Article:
The largest provider of food for children during school holidays has today (09/04/2020) called for more support for over 200,000 young Londoners at risk of hunger during the Covid-19 crisis because they are not eligible for the Government’s food voucher scheme.

Speaking on the eve of the Easter bank holiday weekend, the Mayor’s Fund for London, an independent children’s charity, has drawn attention to the gap between the 400,000 children aged 16 and under living in food insecurity (GLA Survey of Londoners 2019) and the 196,000 who will be eligible for the new food vouchers. This gap is made up of over 200,000 young people who live in low income families, often with household earnings just over the threshold for free school meal eligibility (for those on universal credit, this is currently £7,400 per year after tax and benefits).

In reality, the number of children at risk could be much higher. With thousands of jobs in the capital disappearing overnight and self-employment income down, Universal Credit applications have soared. Many of these new claims will be from families with school-aged children who will be struggling to make ends meet, but will not be able to access food vouchers under the current rules.

In response to the problem, the Mayor’s Fund has launched an emergency fundraising appeal to support its network of local community groups and youth clubs who would normally deliver food and supplies to over 10,000 young people during the school holidays. Many of these groups are now working to distribute food parcels, ‘happiness hampers’ and hot cooked food to the young people in their neighbourhoods.

Kirsty McHugh, Chief Executive of the Mayor’s Fund for London, said:

“Easter is traditionally a time when families come together, not just for chocolate eggs, but for good quality home-cooked meals. Whilst families will be spending time together this year, far fewer children from low income backgrounds in London will be able to access nutritious food.

‘Our network of community groups is pulling out the stops to distribute food to children and families, often in dire need. The Government voucher scheme is welcome, but has been slow to get off the ground, and many young people simply won’t qualify for the support. We desperately need to raise money and gain other support to help them reach the young people in their communities.’’

Examples of the community groups being supported include Kentish Town Community Centre, Dome Youth Club and Ossulston St hub in Camden; Black Prince Community Hub, Brixton Library, Fold for Christ Ministry and The Hut in Lambeth and Mayflower Primary School, Bygrove Primary, Stebon Primary School and Spitalfields City Farm in Tower Hamlets (more below).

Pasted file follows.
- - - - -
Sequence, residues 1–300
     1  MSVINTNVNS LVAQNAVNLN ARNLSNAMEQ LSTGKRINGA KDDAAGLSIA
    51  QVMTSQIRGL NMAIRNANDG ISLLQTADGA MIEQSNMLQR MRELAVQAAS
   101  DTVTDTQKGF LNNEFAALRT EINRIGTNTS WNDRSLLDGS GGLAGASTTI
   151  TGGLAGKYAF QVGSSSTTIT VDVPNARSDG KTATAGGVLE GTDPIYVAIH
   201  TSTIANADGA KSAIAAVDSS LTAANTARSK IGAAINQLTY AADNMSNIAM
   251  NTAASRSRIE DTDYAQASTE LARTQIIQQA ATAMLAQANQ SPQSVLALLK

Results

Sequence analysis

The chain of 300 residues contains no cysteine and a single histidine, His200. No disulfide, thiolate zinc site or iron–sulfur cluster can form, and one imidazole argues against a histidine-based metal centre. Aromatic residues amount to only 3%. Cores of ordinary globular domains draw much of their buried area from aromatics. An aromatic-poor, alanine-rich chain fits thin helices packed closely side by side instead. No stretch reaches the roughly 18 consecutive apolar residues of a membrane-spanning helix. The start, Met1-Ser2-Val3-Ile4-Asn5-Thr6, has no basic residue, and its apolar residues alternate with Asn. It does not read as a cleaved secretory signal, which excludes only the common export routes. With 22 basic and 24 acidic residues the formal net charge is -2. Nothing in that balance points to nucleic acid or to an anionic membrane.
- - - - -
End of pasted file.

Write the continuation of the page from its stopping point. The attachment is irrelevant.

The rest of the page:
Speaking from the Kentish Town Community Centre, Sarah Hoyle, Centre Manager, said:

“Lots of local people are in shock because they may have lost their job, their kids are at home or they are struggling to cope. People are looking for contact, help and a virtual hug. We are and partnering with two local primary schools to provide ‘happiness hampers’ and have an in-house foodbank so that local people can access food immediately. All the funding we receive enables us to support local families with the basics.”

The Mayor’s Fund’s food programme, Kitchen Social, is part of the London Food Alliance and is coordinating efforts with City Harvest, The Felix Project and FareShare, to ensure nutritious surplus food is directed to the people who need it most.

Kitchen Social has also partnered with school caterer, Thomas Franks, who will supply the community hubs with environmentally packaged meals which contain sandwiches, salads, fruits and snacks, and are delivered fresh each morning.

The Mayor’s Fund is aiming to provide healthy food for London’s children however long the crisis lasts. Just £33 can help feed 10 children for one day.


Barking and Dagenham – YMCA Romford
Barnet – Rainbow Centre
Brent – Roundwood Youth Centre
Camden – Kentish Town Community Centre, The Dome Youth Club and Ossulston St
Ealing – The ART BLOCK and Bollo Brook
Greenwich – Central Eltham Youth Project
Hammersmith & Fulham – Old Oak Community Centre
Hackney – Manor House Development Trust
Islington – Paradise Park Children’s Centre
Lambeth – Black Prince Community Hub, Brixton Library, Fold for Christ Ministry and The Hut
Southwark – Colombo Centre, Central Southwark Community Hub and Mercato Metropolitano
Tower Hamlets – Mayflower Primary School, Bygrove Primary, Stebon Primary School and Spitalfields City Farm
Westminster – The Grow Well Group